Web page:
10-86 Police officer on duty
10-87 Pickup
10-88 Look up persons phone number
10-89 Bomb threat
10-90 Bank alarm going off at
10-91 Picking up a prisoner
10-92 Improperly parked vehicle
10-93 Blockage
10-94 Drag racing
10-95 Suspect in custody
10-96 Psych patient / psychotic behavior
10-97 Scene arrived, Check signal
10-98 Prison or jail break
10-99 Wanted stolen record

The following is a list of Police Codes used by the Association of Police Communications Officers (ABCO) 

10 Code Meaning
10-0 Use caution
10-1 Weak signal
10-2 Signal good
10-3 Stop transmitting
10-4 Affirmative or OK
10-5 Relay to/from
10-6 Busy
10-7 Out of service
10-8 In service
10-9 Say again
10-10 Negative
10-11 On duty (employee number)
10-12 Stand by / stop
10-13 Weather conditions
10-14 Message / Information
10-15 Message Delivered
10-16 Reply to message
10-17 Enroute
10-18 Urgent
10-19 In Contact
10-20 Location
10-21 Call _______ by phone
10-22 Disregard
10-23 Arrive at scene
10-24 Assignment completed
10-25 Report to meet ______
10-26 Estimated time of arrival (ETA)
10-27 License / Permit information
10-28 Vehicle information
10-29 Records check
10-30 Danger / caution
10-31 Pick up
10-32 ______ Units needed
10-33 Need immediate assistance
10-34 Current time
10-40 Fight in progress
10-41 Beginning tour of duty
10-42 Ending tour of duty
10-43 In pursuit
10-44 Riot
10-45 Bomb threat
10-46 Bank alarm
10-47 Complete assignment quickly
10-48 Detaining suspect, expedite
10-49 Drag racing
10-50 Vehicle fire / F-Fire, PI-Personal injury, PD-Property damage
F,PI,PD F-Fire, PI-Personal injury, PD-Property damage
10-51 Dispatch wrecker
10-52 Dispatch ambulance
10-53 Road blocked
10-54 Hit and run accident
F,PI,PD F-Fire, PI-Personal injury, PD-Property damage
10-55 Intoxicated driver
10-56 Intoxicated pedestrian
10-57 Request BT Operator
10-58 Direct Traffic
10-59 Escort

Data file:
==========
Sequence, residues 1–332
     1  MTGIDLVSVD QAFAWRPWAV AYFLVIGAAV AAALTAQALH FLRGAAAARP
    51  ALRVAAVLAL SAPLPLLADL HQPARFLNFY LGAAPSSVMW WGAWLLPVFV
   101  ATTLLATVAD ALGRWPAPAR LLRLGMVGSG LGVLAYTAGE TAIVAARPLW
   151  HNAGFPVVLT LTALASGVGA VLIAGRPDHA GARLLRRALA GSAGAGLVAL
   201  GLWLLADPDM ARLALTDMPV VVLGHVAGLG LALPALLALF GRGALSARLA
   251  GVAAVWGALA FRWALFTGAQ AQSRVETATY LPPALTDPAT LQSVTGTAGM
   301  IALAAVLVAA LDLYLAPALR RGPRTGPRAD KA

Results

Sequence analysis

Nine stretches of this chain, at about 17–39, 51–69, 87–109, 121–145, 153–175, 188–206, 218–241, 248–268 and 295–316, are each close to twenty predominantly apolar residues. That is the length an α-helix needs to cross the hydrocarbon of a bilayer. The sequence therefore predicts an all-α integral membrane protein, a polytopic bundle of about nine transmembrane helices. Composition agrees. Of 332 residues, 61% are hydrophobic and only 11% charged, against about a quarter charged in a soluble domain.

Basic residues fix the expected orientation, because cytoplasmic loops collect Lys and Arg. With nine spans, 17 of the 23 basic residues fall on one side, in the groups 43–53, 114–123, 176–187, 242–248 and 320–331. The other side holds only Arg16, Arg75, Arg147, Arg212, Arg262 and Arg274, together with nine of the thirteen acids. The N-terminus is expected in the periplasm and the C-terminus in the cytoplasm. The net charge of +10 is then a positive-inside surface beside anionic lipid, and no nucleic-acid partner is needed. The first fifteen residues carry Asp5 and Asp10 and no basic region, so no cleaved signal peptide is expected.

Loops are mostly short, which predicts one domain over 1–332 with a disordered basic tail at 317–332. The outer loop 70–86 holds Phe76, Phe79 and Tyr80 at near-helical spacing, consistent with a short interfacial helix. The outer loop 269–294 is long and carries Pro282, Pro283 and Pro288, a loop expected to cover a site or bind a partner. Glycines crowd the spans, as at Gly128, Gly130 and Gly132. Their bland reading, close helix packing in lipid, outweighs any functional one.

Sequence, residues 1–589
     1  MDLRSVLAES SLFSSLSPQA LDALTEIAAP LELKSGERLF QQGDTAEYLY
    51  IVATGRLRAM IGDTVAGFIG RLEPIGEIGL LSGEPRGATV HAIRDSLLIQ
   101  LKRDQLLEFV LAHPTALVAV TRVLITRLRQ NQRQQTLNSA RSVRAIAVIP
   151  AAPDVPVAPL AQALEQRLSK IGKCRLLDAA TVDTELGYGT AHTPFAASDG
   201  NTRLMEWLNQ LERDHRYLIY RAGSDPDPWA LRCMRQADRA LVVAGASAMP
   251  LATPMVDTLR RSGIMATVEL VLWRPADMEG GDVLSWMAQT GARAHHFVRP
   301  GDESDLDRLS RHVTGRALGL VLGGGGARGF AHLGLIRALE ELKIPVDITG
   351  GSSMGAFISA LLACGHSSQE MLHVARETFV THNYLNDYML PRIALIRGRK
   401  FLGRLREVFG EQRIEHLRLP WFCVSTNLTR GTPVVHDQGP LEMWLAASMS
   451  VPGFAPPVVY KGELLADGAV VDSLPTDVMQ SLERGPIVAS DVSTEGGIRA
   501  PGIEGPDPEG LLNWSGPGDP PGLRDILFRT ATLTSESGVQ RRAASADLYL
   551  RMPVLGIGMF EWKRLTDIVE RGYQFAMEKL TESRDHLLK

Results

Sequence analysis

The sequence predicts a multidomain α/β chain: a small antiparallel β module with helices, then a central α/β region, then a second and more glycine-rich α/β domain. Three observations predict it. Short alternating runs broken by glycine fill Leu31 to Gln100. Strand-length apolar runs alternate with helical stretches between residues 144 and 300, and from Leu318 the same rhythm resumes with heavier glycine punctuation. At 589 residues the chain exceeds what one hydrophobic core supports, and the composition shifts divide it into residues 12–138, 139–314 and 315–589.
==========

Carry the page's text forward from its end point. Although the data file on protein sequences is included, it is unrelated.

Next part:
10-60 Suspicious vehicle
10-61 Stopping suspicious vehicle
10-62 B and E in progress
10-63 Prepare to receive assignment
10-64 Crime in progress
10-65 Armed robbery
10-66 Notify Medical Examiner
10-67 Report of death
10-68 Livestock in roadway
10-69 Advise telephone number
10-70 Improper parked vehicle
10-71 Improper use of radio
10-72 Prisoner in custody
10-73 Mental subject
10-74 Prison / jail break
10-75 Wanted or stolen
10-76 Prowler
10-77 Direct traffic at fire scene
10-80 Fire Alarm
10-81 Nature of fire
10-82 Fire in progress
10-83 Smoke visible
10-84 No smoke visible
10-85 Respond without blue lights / sirens

What's a 187 police code?

187 in police code is slang for homicide or murder. The numbers represent the California penal codes for homicide.

End of Watch: Meaning in Police Code

"End of Watch" (EOW) is a term used in police code to denote the date and time when a law enforcement officer has passed away, either in the line of duty or due to other causes.

It is a solemn phrase that marks the officer's final shift.

This phrase honors the ultimate sacrifice made by fallen officers, marking the moment they are forever relieved from their service.

The term is often used in memorials, tributes, and ceremonies to pay respect to fallen officers, acknowledging their dedication and the ultimate price they paid while protecting their communities.

What is ADW in Police Code?

ADW in Police Code means Assault with a Dangerous or Deadly Weapon. You may hear this a lot if you are listening to a city police department on the police scanner.

What is a 10-46 Police Radio Code mean?

The general purpose of a 10 46 Police Radio Code is:

  • Assist Motorist
  • Motorist is in need of assistance

What is a 10-47 Police Radio Code mean?